Summary of The Reallocation Myth

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The term “creative destruction” describes the sometimes painful shift of capital, labor and assets to higher levels of dynamism and productivity. This reallocation across an economy augurs stronger long-run growth and increasingly vibrant activity, particularly if new companies displace legacy firms. Some blame sluggish US growth since 2006 on a lack of creative destruction. But economists Chang-Tai Hsieh and Peter J. Klenow disagree. Their technically complex report on the ebb and flow of an economy will interest researchers and analysts.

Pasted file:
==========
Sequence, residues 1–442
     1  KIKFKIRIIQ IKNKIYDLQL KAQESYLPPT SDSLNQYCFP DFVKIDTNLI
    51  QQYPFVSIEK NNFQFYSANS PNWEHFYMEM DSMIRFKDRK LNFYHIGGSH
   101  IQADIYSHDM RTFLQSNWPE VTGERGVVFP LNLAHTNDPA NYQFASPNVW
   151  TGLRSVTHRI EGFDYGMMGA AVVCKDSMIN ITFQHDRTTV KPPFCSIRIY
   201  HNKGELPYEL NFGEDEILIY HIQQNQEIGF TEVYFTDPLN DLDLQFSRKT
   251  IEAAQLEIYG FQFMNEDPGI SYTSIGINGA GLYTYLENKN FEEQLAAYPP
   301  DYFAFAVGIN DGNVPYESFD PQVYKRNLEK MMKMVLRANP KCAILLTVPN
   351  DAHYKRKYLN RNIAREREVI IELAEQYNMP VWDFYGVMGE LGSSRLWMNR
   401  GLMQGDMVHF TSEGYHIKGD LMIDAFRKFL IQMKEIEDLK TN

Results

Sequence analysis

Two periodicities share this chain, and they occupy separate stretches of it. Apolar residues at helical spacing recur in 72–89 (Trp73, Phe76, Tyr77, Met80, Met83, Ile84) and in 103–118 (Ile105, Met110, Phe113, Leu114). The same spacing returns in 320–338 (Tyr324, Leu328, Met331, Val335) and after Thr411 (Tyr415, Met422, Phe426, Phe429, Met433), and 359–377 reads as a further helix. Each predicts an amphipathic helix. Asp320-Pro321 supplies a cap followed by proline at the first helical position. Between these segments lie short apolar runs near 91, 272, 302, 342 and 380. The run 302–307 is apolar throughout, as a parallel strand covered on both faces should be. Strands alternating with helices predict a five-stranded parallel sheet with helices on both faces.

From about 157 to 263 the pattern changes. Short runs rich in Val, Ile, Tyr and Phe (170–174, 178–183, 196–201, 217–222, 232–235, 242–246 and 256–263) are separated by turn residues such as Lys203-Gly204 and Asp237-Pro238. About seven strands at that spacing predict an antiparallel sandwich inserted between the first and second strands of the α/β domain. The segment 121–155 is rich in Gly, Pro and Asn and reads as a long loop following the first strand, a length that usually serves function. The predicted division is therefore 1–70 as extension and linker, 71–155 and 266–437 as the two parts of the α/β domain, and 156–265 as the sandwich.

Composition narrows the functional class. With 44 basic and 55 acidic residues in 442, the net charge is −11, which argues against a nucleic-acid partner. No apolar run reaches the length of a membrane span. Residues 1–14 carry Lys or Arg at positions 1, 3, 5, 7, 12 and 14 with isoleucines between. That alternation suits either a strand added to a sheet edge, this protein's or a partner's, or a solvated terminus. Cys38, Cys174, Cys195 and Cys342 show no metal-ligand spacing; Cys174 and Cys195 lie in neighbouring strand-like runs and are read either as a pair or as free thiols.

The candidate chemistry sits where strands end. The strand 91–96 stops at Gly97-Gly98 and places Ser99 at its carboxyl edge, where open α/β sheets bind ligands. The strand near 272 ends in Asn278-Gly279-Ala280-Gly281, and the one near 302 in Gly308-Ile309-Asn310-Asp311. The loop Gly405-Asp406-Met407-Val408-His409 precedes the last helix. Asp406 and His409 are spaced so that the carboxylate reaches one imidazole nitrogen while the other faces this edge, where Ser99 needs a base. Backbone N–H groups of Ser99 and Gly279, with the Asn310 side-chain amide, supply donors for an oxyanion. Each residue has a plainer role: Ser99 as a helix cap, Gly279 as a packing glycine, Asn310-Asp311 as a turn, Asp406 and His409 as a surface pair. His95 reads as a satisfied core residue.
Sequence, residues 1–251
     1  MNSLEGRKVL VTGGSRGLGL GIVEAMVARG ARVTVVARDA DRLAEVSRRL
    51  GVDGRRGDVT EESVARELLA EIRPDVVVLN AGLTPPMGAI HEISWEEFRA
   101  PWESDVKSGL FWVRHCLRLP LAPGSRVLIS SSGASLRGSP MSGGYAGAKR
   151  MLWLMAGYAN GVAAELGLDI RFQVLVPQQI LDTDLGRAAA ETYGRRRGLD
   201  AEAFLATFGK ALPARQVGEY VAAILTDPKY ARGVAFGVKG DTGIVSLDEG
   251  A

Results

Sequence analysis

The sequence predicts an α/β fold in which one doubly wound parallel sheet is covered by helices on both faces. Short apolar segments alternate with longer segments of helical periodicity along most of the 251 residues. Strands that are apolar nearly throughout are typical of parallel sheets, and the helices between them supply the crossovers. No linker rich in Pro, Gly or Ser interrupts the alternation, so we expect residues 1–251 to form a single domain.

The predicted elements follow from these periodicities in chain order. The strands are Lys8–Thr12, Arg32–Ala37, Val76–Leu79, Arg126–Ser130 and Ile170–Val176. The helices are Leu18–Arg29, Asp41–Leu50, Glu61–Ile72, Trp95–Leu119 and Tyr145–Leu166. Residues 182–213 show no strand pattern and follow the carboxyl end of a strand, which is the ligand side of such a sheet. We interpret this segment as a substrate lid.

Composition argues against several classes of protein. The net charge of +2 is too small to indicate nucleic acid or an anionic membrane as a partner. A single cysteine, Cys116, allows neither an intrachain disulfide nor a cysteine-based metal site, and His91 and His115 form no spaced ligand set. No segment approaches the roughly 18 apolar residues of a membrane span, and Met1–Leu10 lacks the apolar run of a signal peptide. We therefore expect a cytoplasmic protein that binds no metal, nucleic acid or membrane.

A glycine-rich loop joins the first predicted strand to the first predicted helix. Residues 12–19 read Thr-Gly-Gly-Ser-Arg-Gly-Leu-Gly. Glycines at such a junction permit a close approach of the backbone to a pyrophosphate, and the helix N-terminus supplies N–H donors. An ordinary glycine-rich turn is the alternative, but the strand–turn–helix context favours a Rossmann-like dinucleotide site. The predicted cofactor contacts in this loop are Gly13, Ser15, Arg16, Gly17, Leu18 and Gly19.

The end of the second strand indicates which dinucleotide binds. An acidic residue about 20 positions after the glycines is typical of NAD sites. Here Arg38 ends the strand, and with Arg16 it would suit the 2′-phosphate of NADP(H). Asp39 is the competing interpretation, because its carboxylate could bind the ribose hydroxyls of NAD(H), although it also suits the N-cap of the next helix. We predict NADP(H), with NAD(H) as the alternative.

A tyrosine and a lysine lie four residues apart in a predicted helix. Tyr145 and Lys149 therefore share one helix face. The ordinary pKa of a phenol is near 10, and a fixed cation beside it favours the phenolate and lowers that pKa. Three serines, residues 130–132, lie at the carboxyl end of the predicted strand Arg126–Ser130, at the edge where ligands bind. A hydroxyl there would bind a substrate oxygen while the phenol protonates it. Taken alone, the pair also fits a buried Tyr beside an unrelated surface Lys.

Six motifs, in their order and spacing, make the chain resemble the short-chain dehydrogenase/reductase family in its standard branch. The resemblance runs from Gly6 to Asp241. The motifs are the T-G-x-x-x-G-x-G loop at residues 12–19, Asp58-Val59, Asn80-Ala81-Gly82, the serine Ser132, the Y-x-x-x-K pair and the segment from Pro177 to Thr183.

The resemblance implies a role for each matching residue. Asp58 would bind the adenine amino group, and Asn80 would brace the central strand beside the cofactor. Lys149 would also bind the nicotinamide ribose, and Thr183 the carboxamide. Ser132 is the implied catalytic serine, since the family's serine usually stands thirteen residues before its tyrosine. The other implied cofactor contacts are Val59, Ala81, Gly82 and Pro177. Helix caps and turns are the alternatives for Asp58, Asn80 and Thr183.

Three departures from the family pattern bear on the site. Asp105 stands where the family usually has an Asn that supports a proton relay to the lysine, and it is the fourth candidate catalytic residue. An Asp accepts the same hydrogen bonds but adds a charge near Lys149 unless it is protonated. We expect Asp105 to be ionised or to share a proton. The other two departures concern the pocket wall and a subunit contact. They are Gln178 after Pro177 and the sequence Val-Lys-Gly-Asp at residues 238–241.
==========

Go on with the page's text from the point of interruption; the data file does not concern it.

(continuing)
About the Authors

Chang-Tai Hsieh is an economics professor at the University of Chicago Booth School of Business. Peter J. Klenow is a professor of economic policy at Stanford University.



Economist Joseph Schumpeter’s concept of “creative destruction” – in which new firms spur economic growth by displacing older, less productive businesses – remains popular today. However, the theory demands greater scrutiny. A starting point concerns an economy’s “allocative efficiency,” a gauge of the market’s effectiveness in producing and distributing goods and services. US manufacturing shows little to no increase in allocative efficiency since the 1980s. Studies of other sectors reveal similar results.

That turns economists’ attention to the notion of new versus existing firms in the...

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